Michael Duff is a professor of law at the Saint Louis University School of Law. Duff teaches courses in torts, labor law, Workers’ Compensation law, and occupational safety and health. He has previously taught bankruptcy, employee benefits law, and administrative law. He was a trial attorney with the National Labor Relations Board for a decade, and before that he engaged in the private practice of Workers’ Compensation law. He was a union grievance steward, organizer, and blue-collar worker for 15 years before attending law school.
Duff is a nationally recognized expert in workplace injuries. He is especially interested in the intersection of Workers’ Compensation, tort, and constitutional law. He is focused on the extent to which injured workers are entitled to a certain minimum baseline of benefits. He writes frequently on whether the grand bargain of Workers’ Compensation is entitled to constitutional protection. Duff is inspired by the memory of his grandfather, a Harlan County, Kentucky coal miner who died of black lung in his early 1950s. Duff also writes on labor issues arising under the National Labor Relations Act from the unique perspective of a former blue-collar worker who participated as a unionist personally and directly in labor disputes while working his way through college.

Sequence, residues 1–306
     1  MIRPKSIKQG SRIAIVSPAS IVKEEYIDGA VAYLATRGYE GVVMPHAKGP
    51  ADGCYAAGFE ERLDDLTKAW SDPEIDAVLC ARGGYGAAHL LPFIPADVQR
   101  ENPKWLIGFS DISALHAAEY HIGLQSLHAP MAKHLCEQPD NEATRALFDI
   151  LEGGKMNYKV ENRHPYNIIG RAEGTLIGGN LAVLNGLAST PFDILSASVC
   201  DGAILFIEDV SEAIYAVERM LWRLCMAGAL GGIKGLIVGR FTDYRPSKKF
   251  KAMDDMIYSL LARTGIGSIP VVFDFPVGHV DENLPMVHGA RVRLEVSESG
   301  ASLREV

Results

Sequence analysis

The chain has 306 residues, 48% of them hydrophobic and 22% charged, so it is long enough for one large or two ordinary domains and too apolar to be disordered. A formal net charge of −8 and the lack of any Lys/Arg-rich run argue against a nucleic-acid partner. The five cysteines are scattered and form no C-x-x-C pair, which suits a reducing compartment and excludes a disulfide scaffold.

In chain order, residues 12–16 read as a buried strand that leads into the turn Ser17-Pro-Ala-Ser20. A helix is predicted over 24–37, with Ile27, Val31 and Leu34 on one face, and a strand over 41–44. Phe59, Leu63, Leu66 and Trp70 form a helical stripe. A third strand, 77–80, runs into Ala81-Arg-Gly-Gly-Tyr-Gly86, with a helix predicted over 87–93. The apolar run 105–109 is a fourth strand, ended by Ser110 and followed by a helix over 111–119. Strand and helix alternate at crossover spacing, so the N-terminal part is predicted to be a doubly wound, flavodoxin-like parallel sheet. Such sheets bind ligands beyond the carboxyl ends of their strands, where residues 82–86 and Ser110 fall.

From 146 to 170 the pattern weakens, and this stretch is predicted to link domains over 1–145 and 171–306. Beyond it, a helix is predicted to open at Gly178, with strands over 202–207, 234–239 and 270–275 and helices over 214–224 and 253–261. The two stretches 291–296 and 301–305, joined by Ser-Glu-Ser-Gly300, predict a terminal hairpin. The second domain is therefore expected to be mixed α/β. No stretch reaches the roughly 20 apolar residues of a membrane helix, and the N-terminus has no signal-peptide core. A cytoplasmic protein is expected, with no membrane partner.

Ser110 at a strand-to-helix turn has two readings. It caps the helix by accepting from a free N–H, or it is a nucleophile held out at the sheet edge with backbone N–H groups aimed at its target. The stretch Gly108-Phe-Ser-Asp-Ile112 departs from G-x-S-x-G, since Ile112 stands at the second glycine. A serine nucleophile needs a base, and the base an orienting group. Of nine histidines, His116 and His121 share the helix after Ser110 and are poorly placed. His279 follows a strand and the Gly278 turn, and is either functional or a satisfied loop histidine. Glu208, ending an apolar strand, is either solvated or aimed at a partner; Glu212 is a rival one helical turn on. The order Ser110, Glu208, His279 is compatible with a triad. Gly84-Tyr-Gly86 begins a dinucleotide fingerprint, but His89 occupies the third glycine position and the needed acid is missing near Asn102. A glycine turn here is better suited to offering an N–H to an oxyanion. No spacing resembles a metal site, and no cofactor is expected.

Duff earned his bachelor’s degree from West Chester University of Pennsylvania and his J.D. at Harvard Law School.
Full bio available online.
What happens when a workplace event, contracting a contagious illness, transfers to family? Can the family sue, or are they bound by Workers’ Comp?
Prof. Michael Duff breaks down the three presumptions guiding workers’ comp cases and issues arising out of Covid-19-related claims.
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